Ouseph and Aleykutty are blessed with their first child, a boy, whom they name Thoma in honour of his grandfather. “I have only one advice for you“, Thomman tells Ouseph. “Whatever you do, educate all your children as much as you can. That is the only key for a good life. Don’t let your kids destroy themselves doing physical labour like us.“
Thomman’s younger son Maani gets married to Thresia, the daughter of a settler in Neeloor.
Thomman, only 43, suddenly dies of an undiagnosed illness. Ouseph never forgets his father’s advice.
The state of Kerala is formed. The government starts a massive land survey exercise to regularise land holdings.
Three more children, Mary (1956), Jose (1958), and Johny (1959) join Ouseph and Aleykutty. The Erattupetta-Thodupuzha dirt road is now metalled. The junction where the road branches off to the erstwhile Baker Estates and the further settlements of Keezhukavu and Keezhchal, is now popularly called Moonnuplavu kavala. The junction now features a tea shop, a general store, a betel-nut seller, and a church a bit further ahead. The name sticks, and the Kerala government surveys designate Thomman’s land to be part of the “Moonnuplavu” panchayat while the rest of the erstwhile Baker Estate, now split amongst numerous owners, is to be in the Keezhukavu panchayat. Bullock carts now regularly ply along the main road, and Ouseph travels to Erattupetta 20 km away once a week to sell their produce. He walks back to save cart fare. The plantation culture takes root in the High Ranges of Kerala.
Ouseph, now called Ouseppachan, and Aleykutty, now Aleyamma, have their fourth child, Anna. All the children attend the government-aided school that was established by the Moonnuplavu St. George’s parish church. The road is now tarred, and the first bus service starts running through Moonnuplavu, a Thodupuzha – Erattupetta service that runs thrice a day either side. Moonnuplavu junction gets its first building with brick walls, though still thatched, a post office.
Maani sells his share of the land back to his brother Ouesppachan and moves to Pala to start his own business. A row of shops called a “peedika” opens at the junction. Moonnuplavu has arrived.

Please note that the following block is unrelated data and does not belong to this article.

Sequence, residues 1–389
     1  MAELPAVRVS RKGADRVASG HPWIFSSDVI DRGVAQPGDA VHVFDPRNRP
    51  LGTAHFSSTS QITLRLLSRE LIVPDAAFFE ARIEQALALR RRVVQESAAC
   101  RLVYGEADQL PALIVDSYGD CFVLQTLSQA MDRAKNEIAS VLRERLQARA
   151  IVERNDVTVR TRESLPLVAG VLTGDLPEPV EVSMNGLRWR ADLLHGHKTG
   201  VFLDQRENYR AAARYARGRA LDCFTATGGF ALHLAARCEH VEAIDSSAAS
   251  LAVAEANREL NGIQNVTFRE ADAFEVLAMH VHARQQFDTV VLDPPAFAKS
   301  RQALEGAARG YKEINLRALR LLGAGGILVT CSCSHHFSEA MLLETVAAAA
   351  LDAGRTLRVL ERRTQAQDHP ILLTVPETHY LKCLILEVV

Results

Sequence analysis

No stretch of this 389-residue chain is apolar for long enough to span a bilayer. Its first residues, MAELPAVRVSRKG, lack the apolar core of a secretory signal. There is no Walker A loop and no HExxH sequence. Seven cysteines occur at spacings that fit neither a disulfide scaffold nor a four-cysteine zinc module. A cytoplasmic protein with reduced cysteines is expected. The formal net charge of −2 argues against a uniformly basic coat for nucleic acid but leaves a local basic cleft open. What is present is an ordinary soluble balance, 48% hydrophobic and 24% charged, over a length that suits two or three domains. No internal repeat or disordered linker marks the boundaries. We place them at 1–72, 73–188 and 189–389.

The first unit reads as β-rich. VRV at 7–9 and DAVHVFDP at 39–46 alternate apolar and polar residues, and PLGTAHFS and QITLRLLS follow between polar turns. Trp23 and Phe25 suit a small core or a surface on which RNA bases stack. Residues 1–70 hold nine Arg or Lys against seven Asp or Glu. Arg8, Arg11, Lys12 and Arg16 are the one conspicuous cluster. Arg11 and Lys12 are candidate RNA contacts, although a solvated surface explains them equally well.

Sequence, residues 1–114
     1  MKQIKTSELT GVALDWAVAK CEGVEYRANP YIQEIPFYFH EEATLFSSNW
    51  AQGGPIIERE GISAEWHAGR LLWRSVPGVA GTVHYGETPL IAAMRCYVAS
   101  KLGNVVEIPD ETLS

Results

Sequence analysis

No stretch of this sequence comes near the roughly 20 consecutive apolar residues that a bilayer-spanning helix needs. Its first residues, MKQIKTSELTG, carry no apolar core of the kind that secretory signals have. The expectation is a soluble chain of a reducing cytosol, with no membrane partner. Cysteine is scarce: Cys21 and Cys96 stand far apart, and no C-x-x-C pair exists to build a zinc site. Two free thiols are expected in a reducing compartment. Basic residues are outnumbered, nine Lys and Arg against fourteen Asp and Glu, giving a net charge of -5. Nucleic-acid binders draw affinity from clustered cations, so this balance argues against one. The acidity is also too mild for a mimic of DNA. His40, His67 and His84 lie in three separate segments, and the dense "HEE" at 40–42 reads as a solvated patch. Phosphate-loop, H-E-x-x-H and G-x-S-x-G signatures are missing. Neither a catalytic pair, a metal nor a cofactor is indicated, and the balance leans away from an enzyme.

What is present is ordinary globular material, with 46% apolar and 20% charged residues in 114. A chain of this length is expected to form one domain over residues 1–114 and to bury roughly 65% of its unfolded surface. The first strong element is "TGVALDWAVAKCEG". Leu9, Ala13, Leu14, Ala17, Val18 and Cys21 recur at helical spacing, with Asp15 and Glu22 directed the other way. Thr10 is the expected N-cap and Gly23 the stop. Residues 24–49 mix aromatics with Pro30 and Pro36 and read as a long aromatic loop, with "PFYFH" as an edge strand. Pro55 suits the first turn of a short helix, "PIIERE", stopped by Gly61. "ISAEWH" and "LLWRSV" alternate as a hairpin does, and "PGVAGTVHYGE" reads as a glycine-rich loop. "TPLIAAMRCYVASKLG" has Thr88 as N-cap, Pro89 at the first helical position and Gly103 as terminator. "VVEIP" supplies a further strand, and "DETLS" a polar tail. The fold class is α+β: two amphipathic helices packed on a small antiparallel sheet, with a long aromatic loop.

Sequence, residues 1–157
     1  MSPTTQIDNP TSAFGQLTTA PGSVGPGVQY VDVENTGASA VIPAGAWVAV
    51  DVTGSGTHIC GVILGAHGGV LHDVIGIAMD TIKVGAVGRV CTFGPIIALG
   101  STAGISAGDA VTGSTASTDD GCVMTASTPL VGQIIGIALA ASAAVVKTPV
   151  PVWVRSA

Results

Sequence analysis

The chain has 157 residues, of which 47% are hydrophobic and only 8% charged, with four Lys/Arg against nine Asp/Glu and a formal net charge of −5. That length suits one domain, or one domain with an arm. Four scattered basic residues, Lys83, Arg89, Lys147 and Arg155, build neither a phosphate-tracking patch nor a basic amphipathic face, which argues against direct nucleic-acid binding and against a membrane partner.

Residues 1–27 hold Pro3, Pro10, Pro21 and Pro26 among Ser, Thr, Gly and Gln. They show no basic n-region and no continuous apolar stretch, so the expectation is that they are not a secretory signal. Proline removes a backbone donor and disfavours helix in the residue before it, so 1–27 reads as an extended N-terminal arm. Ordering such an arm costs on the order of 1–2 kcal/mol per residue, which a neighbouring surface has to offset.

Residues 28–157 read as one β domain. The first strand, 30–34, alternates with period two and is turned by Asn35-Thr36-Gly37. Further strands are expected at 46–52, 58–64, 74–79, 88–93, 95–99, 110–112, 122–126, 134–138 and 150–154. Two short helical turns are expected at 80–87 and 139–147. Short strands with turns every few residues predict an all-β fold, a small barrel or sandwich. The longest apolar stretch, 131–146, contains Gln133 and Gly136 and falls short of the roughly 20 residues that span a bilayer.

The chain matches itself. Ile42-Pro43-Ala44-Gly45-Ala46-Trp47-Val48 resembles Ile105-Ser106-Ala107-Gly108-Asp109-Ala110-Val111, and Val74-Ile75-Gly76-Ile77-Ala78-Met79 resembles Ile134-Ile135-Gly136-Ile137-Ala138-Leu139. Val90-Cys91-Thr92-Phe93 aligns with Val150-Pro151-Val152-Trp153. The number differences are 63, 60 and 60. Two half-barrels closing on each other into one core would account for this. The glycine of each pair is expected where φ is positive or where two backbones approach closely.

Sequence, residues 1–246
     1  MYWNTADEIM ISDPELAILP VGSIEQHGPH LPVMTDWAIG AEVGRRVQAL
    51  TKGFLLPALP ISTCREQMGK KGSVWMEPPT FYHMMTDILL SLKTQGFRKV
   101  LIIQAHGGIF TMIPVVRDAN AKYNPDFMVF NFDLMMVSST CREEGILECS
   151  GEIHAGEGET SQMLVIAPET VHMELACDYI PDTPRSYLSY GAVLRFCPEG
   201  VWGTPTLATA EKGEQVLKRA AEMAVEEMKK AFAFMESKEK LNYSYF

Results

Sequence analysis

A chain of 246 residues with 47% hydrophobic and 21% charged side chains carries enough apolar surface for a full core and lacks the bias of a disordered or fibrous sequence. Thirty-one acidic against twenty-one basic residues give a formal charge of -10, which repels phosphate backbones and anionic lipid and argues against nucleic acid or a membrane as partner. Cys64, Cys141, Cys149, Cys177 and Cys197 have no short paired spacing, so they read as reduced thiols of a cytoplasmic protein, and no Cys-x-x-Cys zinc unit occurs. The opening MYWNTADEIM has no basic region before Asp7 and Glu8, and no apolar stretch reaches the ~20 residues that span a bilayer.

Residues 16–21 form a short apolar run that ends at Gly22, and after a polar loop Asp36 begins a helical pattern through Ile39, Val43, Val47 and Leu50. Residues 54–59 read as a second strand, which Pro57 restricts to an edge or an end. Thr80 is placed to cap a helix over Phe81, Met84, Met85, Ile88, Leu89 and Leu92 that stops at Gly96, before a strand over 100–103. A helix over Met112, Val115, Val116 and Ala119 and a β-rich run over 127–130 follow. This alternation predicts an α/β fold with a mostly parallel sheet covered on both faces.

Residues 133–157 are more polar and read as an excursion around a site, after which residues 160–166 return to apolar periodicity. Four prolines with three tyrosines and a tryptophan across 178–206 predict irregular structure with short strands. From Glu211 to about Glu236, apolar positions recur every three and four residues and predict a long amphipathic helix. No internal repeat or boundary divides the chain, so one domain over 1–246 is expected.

Ouseppachan and Aleyamma are blessed with two more children, whom they name Roy (1964) and Reni (1966). There are now bus services to Pala every couple of hours.
As more buses start running through Moonnuplavu, the area grows and prospers. It now boasts of a daily service to district HQ Kottayam and a bus every hour to Erattupetta/Thodupuzha and one every two hours to Pala. More residents arrive, purchasing land and settling around the area. The junction grows and now boasts of as many as 10 shops.
During the decades around independence, various churches, organisations like the NSS, and the governments of the Kingdom and the state started establishing schools and colleges across Kerala, especially in Travancore. All of the first generation of post-independence youth of Kerala had an opportunity of near-complete education, which can be considered to be among the greatest social revolutions the country has seen. This generation, so very different from their parents, took to campus politics with an intensity rarely seen anywhere in the world. They had an idealistic political outlook, firmly convinced that revolutionary change and a nation providing equitable development for all could be built through revisionism backed by impassioned agitation.
Ouseph’s eldest son Thoma, now officially V.J.Thomas, joins the newly established St. George college in Aruvithura for his pre-degree course. Part of this generation and sharing its ideals, he becomes very active in campus politics as part of the Kerala Congress‘ student wing.
Thomas completes his pre-degree course and joins the illustrious St.Thomas college in Pala for B.A., Rubber prices start going up and the good times of the Syrian Christians begin. Ouseppachan rebuilds his house with a tiled roof, a new kitchen, a couple more rooms, and a closed and covered toilet stall.
Thomas graduates with a B.A. degree in Economics (1973). He was very deeply involved in campus politics at St. Thomas and was the Arts Secretary of the students union council representing Kerala Congress during his final year. He thinks of making politics his career, and decides to join for M.A. for Economics at the same college.
Thomas completes post graduation in Economics, but barely in third class as he spent most of his time for political activity. He was General Secretary of the students union during his final year and is now a full-time politician much to the chagrin of his father.
Mary (2) graduates from Alphonsa college, also in Pala in B.Sc. Maths. The first girl with a degree. Ouseppachan and Aleyamma are very proud.
Thomas stands conflicted as the Kerala Congress goes through its first major split. A political colleague takes advantage of his indecision to pull a fast one on him to oust him from contention for the part’s youth wing general secretary post. He also loses a substantial amount of (his father’s) money. Thomas decides that he is too soft for this and quits active politics, but continues to be deeply involved in the (Syrian Christian) affairs of the region.
Mary (2) secures a job with the government of Kerala in the revenue department. She is the first ever from the family with a “proper” job, that too a girl! Ouseppachan and Aleyamma are even more prouder!